ldapContextSource.userDn and .password should be the credentials for an account in AD that has access to read all of the user accounts who would be logging into the application. They intend for the .userDn value to actually be an LDAP DN string (similar to what you have for .searchBase), but for Active Directory you can use the userPrincipalName (UPN) attribute instead (usually this is username@example.net). So the bad credentials error may simply be that you're not qualifying the username with anything. I always prefer to use UPN for LDAP integrations because the account can be moved within AD and the application doesn't care (unlike a DN that would change).

Assuming that gets worked out, your .filter value will likely be a problem as well. While the uid attribute does exist in Active Directory, it's not generally populated by default. You should change it to sAMAccountName instead if you want users to login with just their username.

When you get around to enabling LDAP over SSL (LDAPS), you'll need to have a TLS certificate on your domain controller(s) that the java application trusts. If it's a self-signed cert, that cert will need to go into the keystore their docs referenced. If it's a cert generated from a public or internal PKI infrastructure, you should instead add the CA certificate chain for that infrastructure. You'll also need to change the LDAP server URI to ldaps:// and port 636 (or 3269 for global catalog searches).

  • Thanks Ryan. When you say that the userDn and password should be of the account that has access to read all of the user accounts, it would be an admin account, right? If so, we are already using an admin account. In other configurations that we tried, we have used the value of userDn as "uid=abcd,OU=DEF,OU=PQR,OU=XYZ,DC=ADserver,DC=example,DC=net" and "cn=abcd,OU=DEF,OU=PQR,OU=XYZ,DC=ADserver,DC=example,DC=net", and you are suggesting that I set it to abcd@ADserver.example.net. Also, I would have to change value of filter to sAMAccountName=%u, is that correct? I'm sorry, I'm quite new to this – rud_hp9 Sep 28 '15 at 12:59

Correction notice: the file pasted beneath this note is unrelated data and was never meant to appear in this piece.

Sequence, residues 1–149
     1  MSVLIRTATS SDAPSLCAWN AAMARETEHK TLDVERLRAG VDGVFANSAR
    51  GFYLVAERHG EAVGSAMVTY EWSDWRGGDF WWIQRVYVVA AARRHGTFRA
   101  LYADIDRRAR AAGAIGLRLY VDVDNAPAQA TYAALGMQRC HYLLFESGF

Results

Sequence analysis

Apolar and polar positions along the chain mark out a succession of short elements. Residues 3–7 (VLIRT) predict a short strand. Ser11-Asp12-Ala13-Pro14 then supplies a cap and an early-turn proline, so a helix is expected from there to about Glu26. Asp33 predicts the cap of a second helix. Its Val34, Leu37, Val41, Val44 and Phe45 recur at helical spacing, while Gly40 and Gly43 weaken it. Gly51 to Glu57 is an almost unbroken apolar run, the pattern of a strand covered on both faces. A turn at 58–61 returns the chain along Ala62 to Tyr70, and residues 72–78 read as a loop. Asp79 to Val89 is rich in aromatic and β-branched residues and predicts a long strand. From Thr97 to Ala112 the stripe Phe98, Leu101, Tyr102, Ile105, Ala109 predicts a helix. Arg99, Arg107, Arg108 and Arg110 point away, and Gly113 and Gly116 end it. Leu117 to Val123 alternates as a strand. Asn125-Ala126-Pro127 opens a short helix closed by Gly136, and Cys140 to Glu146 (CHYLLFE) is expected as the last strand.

• It does not need to be an admin account. In fact, it doesn't need any permissions other than basic read access to AD which new accounts get by default unless the default AD permissions have been changed. If ADserver in your example is the hostname of a domain controller, then your domain's FQDN is example.net. Your userDn would be abcd@example.net. You can also look up the full DN value by looking at the Attributes tab on the account. The attribute is called distinguishedName. – Ryan Bolger Sep 28 '15 at 16:02
  • I have not mentioned the name of the domain controller in my example (as we have multiple DCs in the domain, and we attempt to connect to the domain, and not a single DC for redundancy). I am quite sure that the domain's FQDN is ADserver.example.net, so the userDn would be abcd@ADserver.example.net. I will try with that and let you know of the results. The full DN, as seen in the Attributes tab is: cn=abcd,OU=DEF,OU=PQR,OU=XYZ,DC=ADserver,DC=example,DC=net (the vendor has suggested to use this as userDn) We do have to connect this over SSL, but will work on that once current setup works. – rud_hp9 Sep 28 '15 at 17:51
  • My mistake. "ADserver" makes it sound like a single machine. – Ryan Bolger Sep 28 '15 at 17:53
  • Be wary of using the domain's FQDN as your LDAP server if you have domain controllers in multiple sites. Unless the application is smart enough to use DNS SRV records to find the closes domain controller (most aren't), the application will essentially be using round-robin DNS across all of your DCs to choose which one to authenticate against. – Ryan Bolger Sep 28 '15 at 17:54